Ideally, a song will combine creative instrumentation with emotional impact to create a work of art. In addition to talent and creativity, melody and chords, writing a song around a song structure template can help guide the process, even if you find it best to deviate from the template.
Most songs will have between three and six different sections (unless you are more ambitious), so getting the basic structure down will not be too daunting. To get started, you could fool around working on a particular riff or melody (if you play guitar or piano) or basic beat (if you play drums) to form the basis of the verse or chorus. Then, experimenting with this beat or riff could lead you to crafting the adjoining chorus (or verse).
The bridge or solo, if you choose to include them, could take quite a bit more time, especially given that the bridge needs to contrast the rest of the song in a complementary way with effective transitions. The chord progression of the bridge, for example, could be close to “opposite” from the progression of the chorus.
You can play with the basic structure a lot to omit or add certain parts. For example, merely hinting at the chorus a few times in the song, but then playing it in earnest once at the end can create a uniquely creative effect given the right sound.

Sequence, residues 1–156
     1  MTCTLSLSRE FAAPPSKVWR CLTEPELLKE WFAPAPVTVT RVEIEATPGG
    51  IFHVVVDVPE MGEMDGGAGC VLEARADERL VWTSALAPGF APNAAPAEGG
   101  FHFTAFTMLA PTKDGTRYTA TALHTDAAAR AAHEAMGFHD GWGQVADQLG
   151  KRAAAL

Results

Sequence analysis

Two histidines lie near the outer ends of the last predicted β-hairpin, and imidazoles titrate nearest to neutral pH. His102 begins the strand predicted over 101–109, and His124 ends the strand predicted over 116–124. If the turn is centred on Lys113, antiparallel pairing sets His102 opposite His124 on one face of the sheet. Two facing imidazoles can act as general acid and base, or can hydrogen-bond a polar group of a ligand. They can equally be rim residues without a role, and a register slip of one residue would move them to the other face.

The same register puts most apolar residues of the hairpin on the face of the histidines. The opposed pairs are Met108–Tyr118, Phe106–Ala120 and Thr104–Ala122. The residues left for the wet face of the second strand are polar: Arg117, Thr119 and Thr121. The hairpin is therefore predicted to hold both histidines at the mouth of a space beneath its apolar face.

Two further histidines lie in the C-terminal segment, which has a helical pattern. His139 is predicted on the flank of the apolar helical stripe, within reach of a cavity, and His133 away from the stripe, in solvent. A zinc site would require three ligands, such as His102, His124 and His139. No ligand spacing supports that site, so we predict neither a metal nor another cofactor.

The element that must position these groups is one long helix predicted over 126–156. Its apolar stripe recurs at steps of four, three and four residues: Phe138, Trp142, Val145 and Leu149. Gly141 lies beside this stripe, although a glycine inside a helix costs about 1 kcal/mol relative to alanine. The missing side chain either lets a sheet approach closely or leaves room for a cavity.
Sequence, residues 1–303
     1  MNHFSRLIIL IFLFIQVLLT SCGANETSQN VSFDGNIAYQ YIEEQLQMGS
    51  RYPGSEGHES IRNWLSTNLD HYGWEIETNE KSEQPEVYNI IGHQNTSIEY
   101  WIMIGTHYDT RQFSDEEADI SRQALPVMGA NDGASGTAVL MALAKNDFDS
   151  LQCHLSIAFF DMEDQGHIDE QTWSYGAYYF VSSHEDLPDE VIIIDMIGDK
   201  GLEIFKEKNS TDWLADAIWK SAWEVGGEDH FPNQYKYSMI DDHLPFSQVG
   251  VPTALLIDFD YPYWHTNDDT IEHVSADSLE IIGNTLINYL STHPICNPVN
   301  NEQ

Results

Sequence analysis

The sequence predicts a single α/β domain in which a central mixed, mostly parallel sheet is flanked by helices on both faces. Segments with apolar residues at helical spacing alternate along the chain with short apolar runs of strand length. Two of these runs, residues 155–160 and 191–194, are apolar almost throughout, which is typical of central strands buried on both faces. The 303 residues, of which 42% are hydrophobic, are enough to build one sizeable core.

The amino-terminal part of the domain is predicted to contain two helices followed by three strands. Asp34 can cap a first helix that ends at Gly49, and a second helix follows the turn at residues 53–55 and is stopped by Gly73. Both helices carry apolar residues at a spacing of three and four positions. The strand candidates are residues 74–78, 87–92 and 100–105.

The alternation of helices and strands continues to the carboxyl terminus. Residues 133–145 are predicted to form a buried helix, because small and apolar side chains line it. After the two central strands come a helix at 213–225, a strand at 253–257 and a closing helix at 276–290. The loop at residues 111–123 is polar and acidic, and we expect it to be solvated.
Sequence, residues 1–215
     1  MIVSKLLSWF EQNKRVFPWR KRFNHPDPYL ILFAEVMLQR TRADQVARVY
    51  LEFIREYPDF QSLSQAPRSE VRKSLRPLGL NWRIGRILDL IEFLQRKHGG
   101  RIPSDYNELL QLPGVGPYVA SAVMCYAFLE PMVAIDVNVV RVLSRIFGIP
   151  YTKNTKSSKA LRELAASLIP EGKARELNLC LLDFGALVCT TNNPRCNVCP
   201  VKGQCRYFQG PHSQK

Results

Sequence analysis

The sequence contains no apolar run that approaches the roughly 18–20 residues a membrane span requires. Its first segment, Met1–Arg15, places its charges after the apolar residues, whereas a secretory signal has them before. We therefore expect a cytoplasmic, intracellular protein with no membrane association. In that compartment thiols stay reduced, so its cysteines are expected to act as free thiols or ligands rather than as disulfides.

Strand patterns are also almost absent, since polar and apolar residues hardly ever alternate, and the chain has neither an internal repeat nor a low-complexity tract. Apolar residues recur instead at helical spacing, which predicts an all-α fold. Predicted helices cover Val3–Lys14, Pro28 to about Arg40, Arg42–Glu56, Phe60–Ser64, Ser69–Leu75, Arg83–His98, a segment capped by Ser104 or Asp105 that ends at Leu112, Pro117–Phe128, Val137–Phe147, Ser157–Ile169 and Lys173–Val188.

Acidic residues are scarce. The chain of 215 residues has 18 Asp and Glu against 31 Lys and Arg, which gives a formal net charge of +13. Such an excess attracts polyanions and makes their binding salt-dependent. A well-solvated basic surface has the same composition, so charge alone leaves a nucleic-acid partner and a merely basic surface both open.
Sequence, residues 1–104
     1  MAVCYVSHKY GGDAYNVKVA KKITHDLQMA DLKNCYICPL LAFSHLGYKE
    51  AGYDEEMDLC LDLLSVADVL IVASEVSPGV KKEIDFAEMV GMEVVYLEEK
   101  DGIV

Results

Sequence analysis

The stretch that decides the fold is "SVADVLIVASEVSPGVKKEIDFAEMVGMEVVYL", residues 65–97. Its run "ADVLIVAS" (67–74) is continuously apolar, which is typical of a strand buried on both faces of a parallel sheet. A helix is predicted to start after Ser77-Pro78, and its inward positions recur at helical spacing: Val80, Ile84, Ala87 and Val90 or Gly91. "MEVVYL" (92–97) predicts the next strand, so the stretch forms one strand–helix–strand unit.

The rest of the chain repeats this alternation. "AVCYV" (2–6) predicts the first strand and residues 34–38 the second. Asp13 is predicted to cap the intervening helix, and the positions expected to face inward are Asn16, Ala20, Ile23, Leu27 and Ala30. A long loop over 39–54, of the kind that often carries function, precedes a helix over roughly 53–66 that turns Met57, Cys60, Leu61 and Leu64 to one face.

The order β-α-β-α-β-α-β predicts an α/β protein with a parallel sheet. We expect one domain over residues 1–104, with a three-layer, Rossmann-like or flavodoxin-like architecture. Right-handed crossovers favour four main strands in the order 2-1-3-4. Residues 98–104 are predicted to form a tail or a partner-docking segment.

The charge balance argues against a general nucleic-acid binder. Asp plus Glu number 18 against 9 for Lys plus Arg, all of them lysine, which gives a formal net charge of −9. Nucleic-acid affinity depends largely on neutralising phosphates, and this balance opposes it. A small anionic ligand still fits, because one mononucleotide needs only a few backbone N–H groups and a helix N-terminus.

Remember, like other artistic works, a song tells a story, only with sounds instead of words or pictures, so think about how you can arrange these sections to tell a narrative with chords and melody.
How to Use a Songwriting Template
Here is a song structure template to help get you started:
Intro: This is often the same chords as the verse or chorus, usually the verse.
Verse: Normally four to eight chords.
Chorus: Normally four to eight chords. Typically, there is a change in the dynamics of a chorus to make it stand out. You could change the volume, intensity, catchiness, and timbre to achieve this.
Bridge: This is often literally a bridge between the verse and the chorus. This is especially useful when you have a key change from one to the other, or the transition from verse to chorus or vice versa isn’t particularly smooth. It is used to break up the song so it isn’ just a sequence of Verse-Chorus-Verse-Chorus. The bridge can change the whole feel of the song, and if used properly, it can make or break it. Again, the dynamics are normally different to add variety.
Outro: Like the intro, this can essentially be a repeat of the chords or structure from the verse or chorus, but it can also be significantly different.